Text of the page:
Technology is advancing at a greater pace than many of us may have ever predicted. The impact on the talent acquisition process has been immense.
The use of job adverts to fill a role is dying, as is the value of company career websites as a standalone tool. The simple reason is that people are actively searching for jobs less. Instead, jobs are finding them – something that is easier to do now that we are all virtually connected.
While some commentators may be concerned with this growth of passive candidates, I am encouraged by it. The world is full of potential employees and it’s impossible to reach them all with a job advert or standard careers site.
Added to this, the trend we’ve seen over recent years of sourcing as many candidates as possible in the hope of finding the perfect individual has led to a shocking amount of wastage in the hiring process. In fact, we recently conducted a survey with Social Talent which found that three quarters of those considered for a job do not meet role requirements. This mismatch is evident in further findings that 282 candidates are, on average, considered for every role.
These shocking figures suggest that a worrying number of hiring processes are inefficient: but they don’t have to be. Advances in technology mean it is now much easier for HR to identify those with the right skills – both technically and more competency based attributes – and evaluate if or when they are ready to make a career move. This approach then enables employers to either directly contact and engage with individuals, or push them to careers information or social sites to engage on a long-term basis.
But the use of technology doesn’t have to, and indeed shouldn’t, stop after the identification stage. There is now a vast array of assessment tools available to help not only identify the best talent, but also provide a more robust candidate experience. However, many aren’t necessarily used as often or as well as they could be due to what I believe is a fear of technology, particularly in the SME community where decision makers are arguably more risk averse. Video is a good example of this.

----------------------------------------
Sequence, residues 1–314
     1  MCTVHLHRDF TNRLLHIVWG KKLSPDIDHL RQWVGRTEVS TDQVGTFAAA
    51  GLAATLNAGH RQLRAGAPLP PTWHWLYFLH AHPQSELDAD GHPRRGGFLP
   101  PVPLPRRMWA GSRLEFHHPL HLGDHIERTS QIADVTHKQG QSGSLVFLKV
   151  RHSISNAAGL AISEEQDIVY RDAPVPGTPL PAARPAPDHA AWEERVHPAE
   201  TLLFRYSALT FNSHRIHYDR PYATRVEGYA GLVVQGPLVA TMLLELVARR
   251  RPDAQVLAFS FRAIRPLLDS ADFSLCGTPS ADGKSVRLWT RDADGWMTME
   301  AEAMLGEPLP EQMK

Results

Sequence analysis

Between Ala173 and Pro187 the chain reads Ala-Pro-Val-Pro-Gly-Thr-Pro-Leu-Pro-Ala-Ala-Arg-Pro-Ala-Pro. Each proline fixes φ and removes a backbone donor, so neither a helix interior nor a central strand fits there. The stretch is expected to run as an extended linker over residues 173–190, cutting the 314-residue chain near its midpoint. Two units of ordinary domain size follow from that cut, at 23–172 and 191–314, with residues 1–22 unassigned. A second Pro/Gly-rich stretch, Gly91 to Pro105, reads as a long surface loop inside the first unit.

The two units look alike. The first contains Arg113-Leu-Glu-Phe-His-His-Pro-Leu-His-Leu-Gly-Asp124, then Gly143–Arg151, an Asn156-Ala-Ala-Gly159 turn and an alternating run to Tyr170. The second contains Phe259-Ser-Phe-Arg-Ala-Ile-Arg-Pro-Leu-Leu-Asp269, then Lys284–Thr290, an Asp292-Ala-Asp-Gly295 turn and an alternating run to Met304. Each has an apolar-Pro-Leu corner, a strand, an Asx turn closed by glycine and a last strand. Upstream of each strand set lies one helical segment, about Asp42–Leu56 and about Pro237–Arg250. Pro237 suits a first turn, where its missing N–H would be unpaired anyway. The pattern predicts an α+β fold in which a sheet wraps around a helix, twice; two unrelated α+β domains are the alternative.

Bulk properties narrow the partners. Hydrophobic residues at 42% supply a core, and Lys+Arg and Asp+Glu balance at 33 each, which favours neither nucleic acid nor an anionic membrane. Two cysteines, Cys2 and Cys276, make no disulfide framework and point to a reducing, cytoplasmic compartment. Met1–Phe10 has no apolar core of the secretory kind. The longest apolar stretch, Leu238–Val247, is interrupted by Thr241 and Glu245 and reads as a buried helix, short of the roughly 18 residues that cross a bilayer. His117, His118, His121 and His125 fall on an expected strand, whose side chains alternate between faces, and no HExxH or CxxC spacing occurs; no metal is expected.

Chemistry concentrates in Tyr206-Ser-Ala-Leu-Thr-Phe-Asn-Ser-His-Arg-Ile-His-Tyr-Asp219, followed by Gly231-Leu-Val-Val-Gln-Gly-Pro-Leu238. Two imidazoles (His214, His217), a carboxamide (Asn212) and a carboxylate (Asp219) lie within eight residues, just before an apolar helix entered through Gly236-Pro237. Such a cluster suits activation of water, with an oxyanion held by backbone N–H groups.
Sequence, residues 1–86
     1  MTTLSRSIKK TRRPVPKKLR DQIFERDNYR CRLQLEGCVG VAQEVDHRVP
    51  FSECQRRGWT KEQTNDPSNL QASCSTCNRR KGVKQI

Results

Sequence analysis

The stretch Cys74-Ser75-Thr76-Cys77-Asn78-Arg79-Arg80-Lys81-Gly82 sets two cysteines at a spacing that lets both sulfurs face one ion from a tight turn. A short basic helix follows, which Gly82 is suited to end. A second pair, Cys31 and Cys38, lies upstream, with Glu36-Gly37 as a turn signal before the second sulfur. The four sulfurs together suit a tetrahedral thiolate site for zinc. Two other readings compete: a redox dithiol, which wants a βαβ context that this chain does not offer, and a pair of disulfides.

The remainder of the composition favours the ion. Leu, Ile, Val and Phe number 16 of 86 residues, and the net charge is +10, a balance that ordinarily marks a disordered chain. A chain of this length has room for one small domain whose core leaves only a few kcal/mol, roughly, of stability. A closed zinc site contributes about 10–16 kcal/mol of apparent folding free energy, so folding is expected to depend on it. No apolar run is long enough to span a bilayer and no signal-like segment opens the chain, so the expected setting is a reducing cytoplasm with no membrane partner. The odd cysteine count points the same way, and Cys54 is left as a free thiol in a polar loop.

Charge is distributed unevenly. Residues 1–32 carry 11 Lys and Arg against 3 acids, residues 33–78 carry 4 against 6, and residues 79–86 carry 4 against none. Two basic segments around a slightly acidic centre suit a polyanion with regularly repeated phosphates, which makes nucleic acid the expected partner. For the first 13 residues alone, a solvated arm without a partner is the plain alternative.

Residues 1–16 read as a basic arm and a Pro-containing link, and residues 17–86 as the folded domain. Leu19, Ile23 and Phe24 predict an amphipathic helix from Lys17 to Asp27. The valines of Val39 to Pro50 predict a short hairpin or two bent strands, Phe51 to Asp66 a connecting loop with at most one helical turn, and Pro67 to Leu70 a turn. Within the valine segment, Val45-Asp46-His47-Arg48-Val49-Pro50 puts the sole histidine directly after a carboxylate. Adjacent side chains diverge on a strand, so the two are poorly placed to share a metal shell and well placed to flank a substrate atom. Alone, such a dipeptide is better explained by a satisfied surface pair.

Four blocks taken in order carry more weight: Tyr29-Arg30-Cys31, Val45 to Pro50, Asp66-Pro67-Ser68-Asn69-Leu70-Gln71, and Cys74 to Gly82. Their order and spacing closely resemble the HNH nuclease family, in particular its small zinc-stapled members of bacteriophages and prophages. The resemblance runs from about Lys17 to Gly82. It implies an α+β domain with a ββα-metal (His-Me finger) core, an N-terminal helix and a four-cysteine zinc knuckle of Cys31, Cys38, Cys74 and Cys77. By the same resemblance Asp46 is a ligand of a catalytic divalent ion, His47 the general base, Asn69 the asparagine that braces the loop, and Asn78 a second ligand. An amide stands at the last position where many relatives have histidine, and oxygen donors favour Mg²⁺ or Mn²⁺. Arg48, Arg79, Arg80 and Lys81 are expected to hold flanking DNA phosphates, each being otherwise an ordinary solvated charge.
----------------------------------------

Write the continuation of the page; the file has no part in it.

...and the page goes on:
We live in a virtual world, yet the assessment process is very much stuck in the need for physical meetings. The right person for a job might be in a different city or even country and as such may rule themselves out of a job because they cannot make the strict face-to-face interviews, even if they are open to the possibility of relocating for a new position. However, video interviews and assessments make it feasible for anyone to apply for a job.
So why aren’t these being used more, particularly in SME businesses where geographical constraints are perhaps more prevalent? Simply because decision makers are sceptical of making a hiring decision without ever meeting them in the flesh. But this needs to change.
As a case in point we recently worked with an investment bank which was adverse to video technology initially, but was open to trialling new approaches. We set up a pilot video assessment process for one area of the company with great success.
The result was a reduction in time to hire and costs, less wastage in the recruitment process, engagement with a significantly larger talent pool without compromising on the quality of candidates and an improved candidate experience. In fact, it was so successful that this has now been rolled out across the rest of the business.
It was the company’s willingness to try something new that’s key in this example. It’s only human nature to be cautious of new things, but that doesn’t mean we should completely avoid change.
I’d like to stress that what needs to happen immediately is a change in people’s perceptions and I know this is possible, not only because I have achieved this with many businesses, but also because I myself had a change of heart about the use of video assessments.
There was a time when I was a bit old fashioned and didn’t think a hiring decision could possibly be made without meeting someone in person. But I’ve seen it work, I’ve lived it now and I’ve performed a complete U-turn on the subject. Having been reassured that video platforms enable users to complete a thorough assessment process and seeing first-hand the benefits for all parties involved, I am now a real advocate of these tools.
As a previous sceptic I understand the reservations many may have had, but I implore anyone involved in talent acquisition and management not to rule out technology yet. We’re not in the dark ages anymore and our thinking needs to evolve, regardless of our company’s size.
Be brave. Don’t let technophobia hold you and your business back, at least give it a try before you rule it out completely.